Dr. Robert Engle testified Wednesday as part of a retrospective competency hearing ordered by the 9th U.S. Circuit Court of Appeals. The hearing is intended to determine whether Duncan was mentally competent when he waived his right to appeal his death sentence for the kidnapping and torture of two northern Idaho children and the murder of one of them.
Engle was appointed in 2008 by U.S. District Judge Edward Lodge to determine if Duncan's mental state should prevent him from representing himself in his federal death sentence hearing. At the time, Engle determined Duncan didn't have any mental defect or disease that would cause him to be legally incompetent.
Duncan snatched 9-year-old Dylan Groene and Dylan's younger sister from their Wolf Lodge, Idaho home after murdering several of their family members in 2005. He kept the children at a remote Montana campsite for weeks before he shot Dylan and returned with Dylan's sister to Coeur d'Alene, Idaho, where he was arrested.
Engle said he interviewed Duncan three times, administered several tests and asked Duncan about his past as part of his examination. The results showed Duncan was intelligent, that he didn't appear to be faking his test results, and that he wasn't delusional.
"He is not suffering from a mental defect or disease sufficient to impair his ability to choose to represent himself," Engle said on Wednesday.
Some of the test results were inconsistent with Engle's own observations of Duncan a fact Duncan's defense attorney Michael Burt focused on during his cross examination.
Duncan scored remarkably high on tests designed to measure whether he had symptoms of paranoia, schizophrenia and psychopathic deviancy, Engle said. The scores were so high, in fact, that Engle said he would have expected a person with those test results to be obviously delusional to anyone who encountered him.
"With a profile similar to Mr. Duncan's, many people are going to appear to behave psychotically," Engle told the court. "Their thinking may be described as autistic, circumstantial, tangential and bizarre ... they will show difficulties in concentrating, deficits in memory are common."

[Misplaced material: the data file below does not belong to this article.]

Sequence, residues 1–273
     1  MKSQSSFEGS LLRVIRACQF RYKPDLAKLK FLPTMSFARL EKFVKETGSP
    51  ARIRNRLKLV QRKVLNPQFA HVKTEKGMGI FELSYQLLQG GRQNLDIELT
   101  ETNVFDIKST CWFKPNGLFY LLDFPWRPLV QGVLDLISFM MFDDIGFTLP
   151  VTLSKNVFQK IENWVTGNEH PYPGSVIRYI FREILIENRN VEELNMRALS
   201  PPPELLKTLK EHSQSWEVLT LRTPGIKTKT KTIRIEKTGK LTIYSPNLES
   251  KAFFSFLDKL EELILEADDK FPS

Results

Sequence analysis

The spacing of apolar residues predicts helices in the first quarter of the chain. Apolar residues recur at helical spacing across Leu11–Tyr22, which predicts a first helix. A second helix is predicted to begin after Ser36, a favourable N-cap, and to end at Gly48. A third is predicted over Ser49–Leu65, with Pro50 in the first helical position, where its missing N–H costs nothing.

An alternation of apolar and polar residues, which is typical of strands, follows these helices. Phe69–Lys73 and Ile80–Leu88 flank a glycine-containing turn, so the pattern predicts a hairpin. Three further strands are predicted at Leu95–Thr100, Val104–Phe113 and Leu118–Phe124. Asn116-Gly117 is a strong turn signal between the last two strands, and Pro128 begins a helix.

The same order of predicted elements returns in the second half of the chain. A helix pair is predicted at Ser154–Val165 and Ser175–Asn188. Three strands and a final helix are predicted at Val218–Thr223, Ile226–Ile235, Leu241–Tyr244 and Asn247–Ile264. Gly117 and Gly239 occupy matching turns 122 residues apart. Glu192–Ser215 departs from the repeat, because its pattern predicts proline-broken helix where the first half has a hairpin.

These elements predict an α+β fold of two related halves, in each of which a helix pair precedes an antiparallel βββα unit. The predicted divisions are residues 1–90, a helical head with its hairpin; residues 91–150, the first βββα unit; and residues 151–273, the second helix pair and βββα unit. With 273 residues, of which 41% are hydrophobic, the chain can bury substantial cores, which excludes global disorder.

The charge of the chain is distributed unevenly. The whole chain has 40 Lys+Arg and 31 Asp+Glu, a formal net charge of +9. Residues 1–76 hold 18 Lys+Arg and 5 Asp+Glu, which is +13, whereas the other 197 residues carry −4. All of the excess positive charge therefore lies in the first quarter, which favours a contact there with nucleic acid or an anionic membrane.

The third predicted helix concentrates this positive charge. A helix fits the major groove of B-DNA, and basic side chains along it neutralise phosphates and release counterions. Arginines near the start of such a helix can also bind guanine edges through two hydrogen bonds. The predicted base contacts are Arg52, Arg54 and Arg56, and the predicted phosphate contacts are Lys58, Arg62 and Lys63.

But Engle said he observed none of those symptoms when he interacted with Duncan, and he even had the company that originally scored the test recalculate the scores because he thought it might have been done incorrectly. When the identical results came back, Engle decided that he should put more weight on his own observations of Duncan than on the test results.
Duncan received a perfect score on one test that is specifically designed to measure a subject's legal competency, he said. It is possible for someone to have schizophrenia, paranoia or other mental illnesses and still be competent to represent themself in court, Engle said.
Duncan's defense attorney focused on the inconsistencies between some of the test results and Engle's observations, and tried to make a connection between some of the findings and events that Duncan talked about in his own life.
Burt alluded to Duncan's own confession to investigators that he was considering turning himself in for two murders he'd committed years earlier when he found a gun in a Missouri turkey shack and took it as a sign from God that he should go on a crime spree instead.
"So someone sees a gun, and they go and pick up the gun, and they say, 'I think this gun is a sign to me from God that I should go and do something.'" Burt said.
Would that amount to a type of paranoia symptom known as an "idea of reference," where an unrelated event or item is perceived as having special personal significance, Burt asked?
Yes, the psychologist responded.
Other symptoms measured by the tests, such as a person's difficulty relating to others or tendency to reject authority, could also have a negative impact on a defendant's relationship with their attorney, Engle acknowledged.
Duncan has been convicted of five different murders in Idaho, Montana and California. But the competency hearing focuses only on the crimes he committed against Dylan Groene and his sister.